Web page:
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QuantiFERON-TB Gold In-Tube

Applications and Keys to Accurate Performance


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Limitations of TST

Slide 4

November 2009

Although the tuberculin skin test has been used routinely for nearly a century, there are significant limitations associated with this test that I’d like to review. First, the tuberculin skin test requires trained personnel to accurately administer the purified protein derivative, and placement errors can cause erroneous results.

In addition, the test is subject to reader variability, and this subjective interpretation can lead to varying and inaccurate findings. The tuberculin skin test is also subject to something called the “boost” response, where an initial placement of PPD can enhance or boost subsequent TST reactions.

One of the major limitations of the tuberculin skin test is its low specificity, especially in individuals that have received the BCG vaccine, or in those that are infected with certain nontuberculous mycobacteria. The test can also demonstrate low sensitivity, and this is a problem in immunocompromised hosts. The final limitation that I’d like to emphasize is the low compliance rate for patients returning to have their skin test read 48 to 72 hours following placement. This requirement for a second visit has ultimately led to many patients being “lost to follow-up” without their TB status being determined, and this increases the risk of patients with LTBI going unidentified.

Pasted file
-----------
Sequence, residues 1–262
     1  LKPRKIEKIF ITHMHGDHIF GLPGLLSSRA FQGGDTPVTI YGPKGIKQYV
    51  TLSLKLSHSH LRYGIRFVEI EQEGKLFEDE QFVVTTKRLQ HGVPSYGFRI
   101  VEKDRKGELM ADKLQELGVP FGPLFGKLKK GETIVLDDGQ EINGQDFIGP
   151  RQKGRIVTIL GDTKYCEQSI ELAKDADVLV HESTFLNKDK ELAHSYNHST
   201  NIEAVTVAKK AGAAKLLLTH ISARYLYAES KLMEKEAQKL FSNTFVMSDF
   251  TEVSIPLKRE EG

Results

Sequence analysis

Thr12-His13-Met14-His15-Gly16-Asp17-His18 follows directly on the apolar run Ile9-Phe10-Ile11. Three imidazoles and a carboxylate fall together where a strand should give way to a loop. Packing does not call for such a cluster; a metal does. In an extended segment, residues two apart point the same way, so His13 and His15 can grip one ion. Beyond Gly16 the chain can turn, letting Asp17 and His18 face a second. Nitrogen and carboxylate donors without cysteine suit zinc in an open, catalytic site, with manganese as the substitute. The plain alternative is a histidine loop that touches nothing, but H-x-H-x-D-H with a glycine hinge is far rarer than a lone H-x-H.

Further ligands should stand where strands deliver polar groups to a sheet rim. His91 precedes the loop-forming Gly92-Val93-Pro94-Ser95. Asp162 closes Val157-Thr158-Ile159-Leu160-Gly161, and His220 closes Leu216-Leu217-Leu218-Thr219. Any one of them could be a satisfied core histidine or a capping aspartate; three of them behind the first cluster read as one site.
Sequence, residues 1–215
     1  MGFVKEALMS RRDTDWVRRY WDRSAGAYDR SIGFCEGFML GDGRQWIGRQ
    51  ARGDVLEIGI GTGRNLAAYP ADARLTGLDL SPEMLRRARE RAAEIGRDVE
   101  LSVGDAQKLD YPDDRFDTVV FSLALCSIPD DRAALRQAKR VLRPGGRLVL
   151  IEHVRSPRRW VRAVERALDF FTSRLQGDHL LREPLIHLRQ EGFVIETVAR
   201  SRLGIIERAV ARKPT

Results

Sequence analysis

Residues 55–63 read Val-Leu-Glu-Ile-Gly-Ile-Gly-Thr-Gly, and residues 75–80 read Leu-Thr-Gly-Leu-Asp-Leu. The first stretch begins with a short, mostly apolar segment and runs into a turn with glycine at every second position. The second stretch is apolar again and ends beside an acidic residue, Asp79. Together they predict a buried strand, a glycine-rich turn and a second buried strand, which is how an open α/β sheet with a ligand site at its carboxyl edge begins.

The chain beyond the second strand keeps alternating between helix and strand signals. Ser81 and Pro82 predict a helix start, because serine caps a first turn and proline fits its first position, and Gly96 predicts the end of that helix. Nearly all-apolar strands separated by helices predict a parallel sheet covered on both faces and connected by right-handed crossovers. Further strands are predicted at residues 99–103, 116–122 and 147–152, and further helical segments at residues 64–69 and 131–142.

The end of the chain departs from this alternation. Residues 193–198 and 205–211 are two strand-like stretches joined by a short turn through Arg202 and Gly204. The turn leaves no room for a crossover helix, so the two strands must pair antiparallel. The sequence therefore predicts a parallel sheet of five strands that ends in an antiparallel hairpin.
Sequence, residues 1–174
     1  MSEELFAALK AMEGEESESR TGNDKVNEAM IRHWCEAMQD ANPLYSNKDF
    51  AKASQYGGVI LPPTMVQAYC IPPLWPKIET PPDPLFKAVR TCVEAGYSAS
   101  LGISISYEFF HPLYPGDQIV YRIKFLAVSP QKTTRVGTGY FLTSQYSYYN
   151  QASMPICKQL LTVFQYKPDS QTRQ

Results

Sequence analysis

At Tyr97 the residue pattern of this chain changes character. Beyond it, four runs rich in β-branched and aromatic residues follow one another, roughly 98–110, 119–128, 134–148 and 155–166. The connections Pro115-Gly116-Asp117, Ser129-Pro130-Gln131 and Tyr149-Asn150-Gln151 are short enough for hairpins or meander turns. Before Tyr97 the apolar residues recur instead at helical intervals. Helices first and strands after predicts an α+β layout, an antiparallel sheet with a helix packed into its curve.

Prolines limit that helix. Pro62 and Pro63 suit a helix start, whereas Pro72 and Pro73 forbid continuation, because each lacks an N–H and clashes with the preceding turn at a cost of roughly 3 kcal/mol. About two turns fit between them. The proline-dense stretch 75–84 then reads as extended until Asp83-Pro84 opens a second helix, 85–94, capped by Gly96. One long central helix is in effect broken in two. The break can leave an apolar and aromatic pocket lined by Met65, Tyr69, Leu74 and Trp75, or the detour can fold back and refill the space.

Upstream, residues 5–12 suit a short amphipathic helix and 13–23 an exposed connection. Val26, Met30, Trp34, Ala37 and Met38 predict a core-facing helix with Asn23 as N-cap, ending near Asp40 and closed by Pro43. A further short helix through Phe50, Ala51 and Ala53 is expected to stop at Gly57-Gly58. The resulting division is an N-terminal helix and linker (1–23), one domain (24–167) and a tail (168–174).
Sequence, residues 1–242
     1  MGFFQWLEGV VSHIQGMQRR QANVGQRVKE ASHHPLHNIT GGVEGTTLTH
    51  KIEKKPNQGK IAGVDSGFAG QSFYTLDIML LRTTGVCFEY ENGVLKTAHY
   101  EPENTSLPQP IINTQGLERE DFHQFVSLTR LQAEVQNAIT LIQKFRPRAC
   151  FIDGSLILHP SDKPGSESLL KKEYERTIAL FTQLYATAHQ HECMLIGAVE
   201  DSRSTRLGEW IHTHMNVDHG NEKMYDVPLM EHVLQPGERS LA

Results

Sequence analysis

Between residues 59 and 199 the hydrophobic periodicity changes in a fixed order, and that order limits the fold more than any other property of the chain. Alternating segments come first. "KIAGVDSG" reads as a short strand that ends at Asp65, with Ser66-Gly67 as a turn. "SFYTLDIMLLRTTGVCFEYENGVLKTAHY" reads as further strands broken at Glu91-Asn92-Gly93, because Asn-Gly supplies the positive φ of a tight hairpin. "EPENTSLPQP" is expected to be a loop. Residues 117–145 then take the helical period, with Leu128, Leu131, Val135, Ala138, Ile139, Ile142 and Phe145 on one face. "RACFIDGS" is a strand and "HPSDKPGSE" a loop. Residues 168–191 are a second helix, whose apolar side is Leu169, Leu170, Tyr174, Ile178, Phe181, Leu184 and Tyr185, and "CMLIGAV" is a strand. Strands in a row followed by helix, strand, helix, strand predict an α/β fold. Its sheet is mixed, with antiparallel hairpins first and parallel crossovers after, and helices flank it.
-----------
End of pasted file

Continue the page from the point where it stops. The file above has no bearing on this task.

Due to the limitations associated with the tuberculin skin test, there’s been a significant amount of work over the past decade put into the development of new assays for the diagnosis of active and latent TB.

Limitations of TST


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